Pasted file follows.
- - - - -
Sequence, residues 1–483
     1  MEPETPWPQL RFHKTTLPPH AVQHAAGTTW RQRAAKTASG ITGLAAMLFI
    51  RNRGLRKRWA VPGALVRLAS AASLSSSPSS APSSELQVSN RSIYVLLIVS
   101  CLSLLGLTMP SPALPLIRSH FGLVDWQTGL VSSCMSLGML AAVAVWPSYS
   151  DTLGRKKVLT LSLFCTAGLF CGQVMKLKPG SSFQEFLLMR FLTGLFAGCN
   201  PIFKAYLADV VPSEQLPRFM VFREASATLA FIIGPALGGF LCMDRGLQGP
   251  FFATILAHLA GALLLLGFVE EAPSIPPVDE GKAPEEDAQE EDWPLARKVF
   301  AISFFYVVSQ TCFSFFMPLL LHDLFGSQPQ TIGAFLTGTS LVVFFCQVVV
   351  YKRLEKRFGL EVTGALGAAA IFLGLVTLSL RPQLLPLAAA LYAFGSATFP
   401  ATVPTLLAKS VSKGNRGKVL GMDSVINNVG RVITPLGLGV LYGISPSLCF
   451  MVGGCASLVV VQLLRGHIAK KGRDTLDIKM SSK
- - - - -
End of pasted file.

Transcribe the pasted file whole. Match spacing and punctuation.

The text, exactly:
Sequence, residues 1–483
     1  MEPETPWPQL RFHKTTLPPH AVQHAAGTTW RQRAAKTASG ITGLAAMLFI
    51  RNRGLRKRWA VPGALVRLAS AASLSSSPSS APSSELQVSN RSIYVLLIVS
   101  CLSLLGLTMP SPALPLIRSH FGLVDWQTGL VSSCMSLGML AAVAVWPSYS
   151  DTLGRKKVLT LSLFCTAGLF CGQVMKLKPG SSFQEFLLMR FLTGLFAGCN
   201  PIFKAYLADV VPSEQLPRFM VFREASATLA FIIGPALGGF LCMDRGLQGP
   251  FFATILAHLA GALLLLGFVE EAPSIPPVDE GKAPEEDAQE EDWPLARKVF
   301  AISFFYVVSQ TCFSFFMPLL LHDLFGSQPQ TIGAFLTGTS LVVFFCQVVV
   351  YKRLEKRFGL EVTGALGAAA IFLGLVTLSL RPQLLPLAAA LYAFGSATFP
   401  ATVPTLLAKS VSKGNRGKVL GMDSVINNVG RVITPLGLGV LYGISPSLCF
   451  MVGGCASLVV VQLLRGHIAK KGRDTLDIKM SSK